A great many of the technologies we use today rely on rare and expensive materials, like indium and platinum. Platinum especially is used as a catalyst in many devices, such as catalytic converters and fuel cells of all kinds. For Microbial Fuel Cells (MFCs) the platinum can account for as much as 60% of the entire cost, but researchers at the University of Wisconsin, Milwaukee have discovered a potential replacement that is cheaper, but just as efficient.
Nitrogen-enriched iron-carbon nanorods combine elements of other successful catalysts, to make something more effective than current contenders for a platinum replacement. This could be a major step for the development and marketing of MFCs and the related technology, Microbial Electrolysis Cells (MECs). Both MFCs and MECs use bacteria and a catalyst to remove contaminates from wastewater, but they produce different things as a result (except for cleaner water, which they both produce). The fuel cells produce an electric current that can be directly harnessed while MECs produce hydrogen gas which can be used for many things, such as fuel for other fuel cells.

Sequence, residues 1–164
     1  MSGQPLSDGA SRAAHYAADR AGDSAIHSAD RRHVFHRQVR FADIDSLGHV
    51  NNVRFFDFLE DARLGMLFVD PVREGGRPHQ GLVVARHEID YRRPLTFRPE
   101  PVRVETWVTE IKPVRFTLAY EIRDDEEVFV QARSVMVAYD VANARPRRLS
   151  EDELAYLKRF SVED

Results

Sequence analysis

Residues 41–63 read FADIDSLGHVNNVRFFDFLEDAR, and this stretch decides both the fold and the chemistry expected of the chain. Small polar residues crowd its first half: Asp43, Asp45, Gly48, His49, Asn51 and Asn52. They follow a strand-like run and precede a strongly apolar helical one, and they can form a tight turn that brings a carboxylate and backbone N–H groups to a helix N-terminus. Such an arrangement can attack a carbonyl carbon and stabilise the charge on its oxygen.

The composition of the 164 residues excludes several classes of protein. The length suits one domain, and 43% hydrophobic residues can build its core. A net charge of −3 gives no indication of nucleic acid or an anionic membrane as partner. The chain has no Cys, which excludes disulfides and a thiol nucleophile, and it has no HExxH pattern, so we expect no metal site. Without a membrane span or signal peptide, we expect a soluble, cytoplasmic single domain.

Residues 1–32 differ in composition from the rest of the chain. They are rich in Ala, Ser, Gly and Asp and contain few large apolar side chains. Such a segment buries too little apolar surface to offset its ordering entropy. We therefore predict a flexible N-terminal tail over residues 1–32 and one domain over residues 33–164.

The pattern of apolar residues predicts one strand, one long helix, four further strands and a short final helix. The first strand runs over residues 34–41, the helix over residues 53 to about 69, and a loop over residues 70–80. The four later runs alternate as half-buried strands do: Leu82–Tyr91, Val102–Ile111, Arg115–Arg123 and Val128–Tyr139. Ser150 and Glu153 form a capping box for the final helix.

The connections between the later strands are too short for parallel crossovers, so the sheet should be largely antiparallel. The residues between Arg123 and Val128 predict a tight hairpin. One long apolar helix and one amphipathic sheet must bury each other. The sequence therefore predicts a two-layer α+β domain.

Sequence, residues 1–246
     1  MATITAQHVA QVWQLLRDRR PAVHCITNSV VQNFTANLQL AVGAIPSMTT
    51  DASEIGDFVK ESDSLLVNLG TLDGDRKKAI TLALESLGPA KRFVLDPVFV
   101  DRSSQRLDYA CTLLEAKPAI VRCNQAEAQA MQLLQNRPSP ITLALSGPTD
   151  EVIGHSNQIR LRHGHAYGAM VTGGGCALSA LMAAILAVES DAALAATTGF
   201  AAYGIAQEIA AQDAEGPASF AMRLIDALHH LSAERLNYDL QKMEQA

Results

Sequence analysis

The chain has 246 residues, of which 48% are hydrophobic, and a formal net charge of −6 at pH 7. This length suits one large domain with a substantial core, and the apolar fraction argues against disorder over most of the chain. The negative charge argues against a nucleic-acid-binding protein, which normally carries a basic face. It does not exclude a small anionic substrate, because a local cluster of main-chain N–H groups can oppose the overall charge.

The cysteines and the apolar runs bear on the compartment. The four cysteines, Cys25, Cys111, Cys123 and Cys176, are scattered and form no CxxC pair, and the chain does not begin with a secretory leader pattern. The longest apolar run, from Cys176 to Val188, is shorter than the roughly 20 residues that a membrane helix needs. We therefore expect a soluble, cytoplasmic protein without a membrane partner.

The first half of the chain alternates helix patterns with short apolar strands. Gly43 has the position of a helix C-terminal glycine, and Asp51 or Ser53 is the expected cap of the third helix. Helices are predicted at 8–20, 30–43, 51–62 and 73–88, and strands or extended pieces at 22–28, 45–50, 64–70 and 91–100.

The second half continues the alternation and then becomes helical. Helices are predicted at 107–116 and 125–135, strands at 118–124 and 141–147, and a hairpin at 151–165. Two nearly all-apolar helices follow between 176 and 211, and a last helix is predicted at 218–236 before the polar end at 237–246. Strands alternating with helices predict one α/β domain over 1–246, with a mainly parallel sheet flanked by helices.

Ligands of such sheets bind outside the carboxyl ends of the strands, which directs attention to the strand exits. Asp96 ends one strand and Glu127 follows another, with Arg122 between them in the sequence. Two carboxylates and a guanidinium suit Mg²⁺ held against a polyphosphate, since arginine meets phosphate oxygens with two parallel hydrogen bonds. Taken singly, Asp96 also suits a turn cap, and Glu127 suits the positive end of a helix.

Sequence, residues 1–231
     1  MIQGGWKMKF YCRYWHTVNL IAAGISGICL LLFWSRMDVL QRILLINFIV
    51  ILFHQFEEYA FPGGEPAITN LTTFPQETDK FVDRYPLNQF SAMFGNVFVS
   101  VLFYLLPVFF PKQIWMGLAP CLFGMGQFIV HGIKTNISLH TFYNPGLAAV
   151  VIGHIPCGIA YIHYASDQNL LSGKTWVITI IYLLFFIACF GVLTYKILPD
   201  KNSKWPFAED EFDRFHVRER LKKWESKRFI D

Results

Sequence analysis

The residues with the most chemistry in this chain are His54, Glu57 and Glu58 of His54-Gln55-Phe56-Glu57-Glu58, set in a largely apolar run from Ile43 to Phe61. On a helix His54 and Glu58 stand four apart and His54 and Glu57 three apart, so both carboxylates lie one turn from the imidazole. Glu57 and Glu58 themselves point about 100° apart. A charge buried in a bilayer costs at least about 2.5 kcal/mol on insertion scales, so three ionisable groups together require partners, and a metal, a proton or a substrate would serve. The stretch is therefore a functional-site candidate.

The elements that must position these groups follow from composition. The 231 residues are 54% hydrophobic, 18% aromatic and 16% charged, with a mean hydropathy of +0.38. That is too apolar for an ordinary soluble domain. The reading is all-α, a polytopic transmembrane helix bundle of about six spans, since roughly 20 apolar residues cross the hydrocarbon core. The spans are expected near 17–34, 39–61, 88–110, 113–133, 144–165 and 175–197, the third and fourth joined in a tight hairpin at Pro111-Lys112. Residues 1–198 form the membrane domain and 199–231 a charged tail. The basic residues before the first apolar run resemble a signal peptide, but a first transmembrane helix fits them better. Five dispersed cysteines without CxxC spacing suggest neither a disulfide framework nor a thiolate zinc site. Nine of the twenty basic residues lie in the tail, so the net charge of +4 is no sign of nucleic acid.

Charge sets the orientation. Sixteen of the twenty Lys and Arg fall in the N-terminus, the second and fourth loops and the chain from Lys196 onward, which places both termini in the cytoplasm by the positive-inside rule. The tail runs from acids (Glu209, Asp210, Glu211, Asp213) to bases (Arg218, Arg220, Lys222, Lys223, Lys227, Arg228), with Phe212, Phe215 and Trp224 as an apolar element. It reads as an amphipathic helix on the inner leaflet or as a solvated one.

This specific catalyst may not be what ultimately replaces platinum in these devices, but it might lead us to that material. By showing that nanorods can be used as an effective catalyst, other research teams may investigate other varieties of the nanostructure, and find something even better.